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Human Medications That Are Toxic To Pets // #1 Cause of Pet Poisonings

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Lindsay Butzer, DVM
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Dr. Lindsay Butzer
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Medications Toxic To Pets

Accidental pet poisonings are one of the biggest health hazards for dogs and cats, affecting millions of pets each year. Even the most diligent pet parents can overlook common household items that pose a toxicity risk to pets. Human medications, including prescription medications, over-the-counter meds, vitamins, and natural supplements, make up nearly 50% of accidental pet poisoning.
In honor of National Pet Poison Prevention Month, learn about the most common human medications that cause poisoning in pets and what you can do to keep your dog or cat safe.


Painkillers and Pets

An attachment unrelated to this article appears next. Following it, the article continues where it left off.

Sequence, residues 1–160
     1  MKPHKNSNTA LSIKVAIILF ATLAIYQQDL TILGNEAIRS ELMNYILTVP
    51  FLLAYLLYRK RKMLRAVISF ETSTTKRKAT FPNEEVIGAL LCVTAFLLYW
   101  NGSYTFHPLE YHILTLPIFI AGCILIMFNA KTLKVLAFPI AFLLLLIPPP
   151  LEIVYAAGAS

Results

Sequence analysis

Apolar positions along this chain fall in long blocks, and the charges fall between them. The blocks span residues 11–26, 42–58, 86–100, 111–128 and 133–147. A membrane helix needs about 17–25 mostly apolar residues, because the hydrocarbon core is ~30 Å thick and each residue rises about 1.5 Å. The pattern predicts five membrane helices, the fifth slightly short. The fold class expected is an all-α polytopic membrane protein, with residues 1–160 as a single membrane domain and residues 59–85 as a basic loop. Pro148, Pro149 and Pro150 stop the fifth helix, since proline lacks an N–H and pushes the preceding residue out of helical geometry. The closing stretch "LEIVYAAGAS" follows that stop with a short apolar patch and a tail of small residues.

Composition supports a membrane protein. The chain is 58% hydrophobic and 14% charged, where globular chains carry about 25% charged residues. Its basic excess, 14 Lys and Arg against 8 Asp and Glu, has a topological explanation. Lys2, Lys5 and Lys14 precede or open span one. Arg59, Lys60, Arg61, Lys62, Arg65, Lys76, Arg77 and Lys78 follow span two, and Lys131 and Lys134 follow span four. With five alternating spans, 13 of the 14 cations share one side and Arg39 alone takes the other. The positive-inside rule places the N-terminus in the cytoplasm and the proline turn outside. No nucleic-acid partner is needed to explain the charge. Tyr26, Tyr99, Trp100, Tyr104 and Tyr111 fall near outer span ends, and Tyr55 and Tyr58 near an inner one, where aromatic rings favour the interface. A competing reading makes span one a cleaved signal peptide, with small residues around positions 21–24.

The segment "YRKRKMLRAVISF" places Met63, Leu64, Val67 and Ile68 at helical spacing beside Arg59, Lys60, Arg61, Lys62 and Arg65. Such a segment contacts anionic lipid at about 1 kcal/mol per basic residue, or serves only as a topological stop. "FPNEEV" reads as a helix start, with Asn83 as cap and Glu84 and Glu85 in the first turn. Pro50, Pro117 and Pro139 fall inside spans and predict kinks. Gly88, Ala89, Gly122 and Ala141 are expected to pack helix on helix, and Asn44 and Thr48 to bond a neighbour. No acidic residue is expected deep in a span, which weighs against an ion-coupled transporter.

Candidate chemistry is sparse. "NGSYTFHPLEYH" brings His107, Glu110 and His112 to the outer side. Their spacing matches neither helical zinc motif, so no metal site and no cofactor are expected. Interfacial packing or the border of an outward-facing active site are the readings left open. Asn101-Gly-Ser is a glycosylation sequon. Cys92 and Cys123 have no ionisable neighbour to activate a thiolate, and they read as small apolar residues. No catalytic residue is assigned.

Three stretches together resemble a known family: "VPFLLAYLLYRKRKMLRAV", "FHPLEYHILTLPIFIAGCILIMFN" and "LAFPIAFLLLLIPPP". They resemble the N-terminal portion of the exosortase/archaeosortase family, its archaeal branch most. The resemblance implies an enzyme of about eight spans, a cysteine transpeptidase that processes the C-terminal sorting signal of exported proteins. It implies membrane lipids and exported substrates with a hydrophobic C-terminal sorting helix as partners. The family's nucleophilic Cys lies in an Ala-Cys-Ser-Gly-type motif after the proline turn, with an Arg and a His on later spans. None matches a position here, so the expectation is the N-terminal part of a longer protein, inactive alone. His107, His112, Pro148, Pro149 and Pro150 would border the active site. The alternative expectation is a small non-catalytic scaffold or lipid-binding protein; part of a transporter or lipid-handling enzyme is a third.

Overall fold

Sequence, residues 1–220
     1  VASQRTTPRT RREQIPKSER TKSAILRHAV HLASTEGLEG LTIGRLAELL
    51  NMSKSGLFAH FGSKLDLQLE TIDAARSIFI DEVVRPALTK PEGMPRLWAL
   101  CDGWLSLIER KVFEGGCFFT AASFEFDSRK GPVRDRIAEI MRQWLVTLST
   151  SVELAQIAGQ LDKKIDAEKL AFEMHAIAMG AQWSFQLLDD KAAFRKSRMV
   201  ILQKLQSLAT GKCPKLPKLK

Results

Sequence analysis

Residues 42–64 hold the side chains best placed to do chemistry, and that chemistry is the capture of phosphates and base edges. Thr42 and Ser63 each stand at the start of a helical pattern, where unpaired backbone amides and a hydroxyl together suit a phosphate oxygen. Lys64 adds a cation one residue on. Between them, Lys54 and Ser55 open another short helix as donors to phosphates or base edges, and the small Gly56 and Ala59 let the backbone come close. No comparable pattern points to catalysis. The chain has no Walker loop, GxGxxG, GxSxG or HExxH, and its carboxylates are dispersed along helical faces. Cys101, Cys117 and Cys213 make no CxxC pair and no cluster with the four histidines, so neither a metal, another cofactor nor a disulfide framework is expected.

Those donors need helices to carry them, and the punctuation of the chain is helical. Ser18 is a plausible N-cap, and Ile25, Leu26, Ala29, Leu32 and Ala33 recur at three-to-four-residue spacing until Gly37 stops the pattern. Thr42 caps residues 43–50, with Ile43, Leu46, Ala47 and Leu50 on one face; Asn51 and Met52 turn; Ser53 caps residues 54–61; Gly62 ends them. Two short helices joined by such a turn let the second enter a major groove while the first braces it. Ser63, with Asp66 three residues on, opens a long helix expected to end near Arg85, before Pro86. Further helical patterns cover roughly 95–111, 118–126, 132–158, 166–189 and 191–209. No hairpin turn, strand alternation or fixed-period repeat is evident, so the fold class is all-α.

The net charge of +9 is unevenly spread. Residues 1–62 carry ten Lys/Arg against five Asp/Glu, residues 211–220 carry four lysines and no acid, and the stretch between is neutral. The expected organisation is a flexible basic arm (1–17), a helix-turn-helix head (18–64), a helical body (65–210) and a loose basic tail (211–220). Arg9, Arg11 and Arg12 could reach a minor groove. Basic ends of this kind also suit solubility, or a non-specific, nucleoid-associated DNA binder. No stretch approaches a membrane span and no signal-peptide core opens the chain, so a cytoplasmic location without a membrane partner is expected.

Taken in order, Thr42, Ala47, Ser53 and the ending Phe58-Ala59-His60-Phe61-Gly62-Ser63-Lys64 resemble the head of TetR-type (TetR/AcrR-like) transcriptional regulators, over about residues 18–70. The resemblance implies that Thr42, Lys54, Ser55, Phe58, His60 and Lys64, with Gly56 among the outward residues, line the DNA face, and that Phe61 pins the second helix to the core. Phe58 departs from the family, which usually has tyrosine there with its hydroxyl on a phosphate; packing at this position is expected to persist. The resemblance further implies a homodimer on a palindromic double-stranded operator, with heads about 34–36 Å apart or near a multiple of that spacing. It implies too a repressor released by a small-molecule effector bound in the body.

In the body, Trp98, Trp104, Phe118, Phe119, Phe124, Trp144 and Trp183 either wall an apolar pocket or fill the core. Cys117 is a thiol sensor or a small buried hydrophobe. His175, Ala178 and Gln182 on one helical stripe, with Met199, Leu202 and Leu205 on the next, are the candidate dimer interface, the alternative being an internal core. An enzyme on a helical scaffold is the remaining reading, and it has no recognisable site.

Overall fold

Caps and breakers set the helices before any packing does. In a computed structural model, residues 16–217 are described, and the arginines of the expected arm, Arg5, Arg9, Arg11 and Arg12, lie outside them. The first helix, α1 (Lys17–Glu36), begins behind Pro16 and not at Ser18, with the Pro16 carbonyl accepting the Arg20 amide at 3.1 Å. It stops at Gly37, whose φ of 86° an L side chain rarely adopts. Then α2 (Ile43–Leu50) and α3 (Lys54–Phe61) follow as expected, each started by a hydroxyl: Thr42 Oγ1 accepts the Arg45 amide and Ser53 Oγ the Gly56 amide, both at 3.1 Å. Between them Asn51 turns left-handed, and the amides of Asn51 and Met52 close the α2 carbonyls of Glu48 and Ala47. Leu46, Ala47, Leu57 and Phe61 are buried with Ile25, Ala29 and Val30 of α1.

For every pet parent, one of the worst feelings is seeing your dog or cat in pain. It’s not uncommon for pet parents to make a rash decision and reach for human medications in hopes of helping their pet feel better. However, over-the-counter pain medications indicated for human use are not safe for use in dogs and cats unless under the guidance of a veterinarian.

Over-the-counter nonsteroidal anti-inflammatory drugs (NSAIDs) which include aspirin, ibuprofen, and naproxen work by inhibiting the body’s production of a hormone-like substance called prostaglandins. Prostaglandins cause pain and inflammation, but they also protect the gastrointestinal tract, promote blood flow to the kidneys, and control the formation of blood clots.
When a dog or cat consumes too much of an NSAID, or is administered the drug over a long period of time, the acidic nature of the medication can irritate the lining of the stomach and gastrointestinal tract, and with lowered prostaglandins, the pet is more susceptible to developing painful ulcers. In some cases, NSAIDs can cause kidney failure or liver damage in pets. Severe anemia can also happen.
NSAIDs are commonly prescribed to pets recovering from surgery or an injury. Due to differences in the way dogs and cats metabolize medications, though, they’re much more sensitive than humans and more susceptible to side-effects. Cats, in particular, lack enzymes needed to break down certain chemicals, so a medication will stay in their system for much longer, leaving them even more vulnerable to toxicity.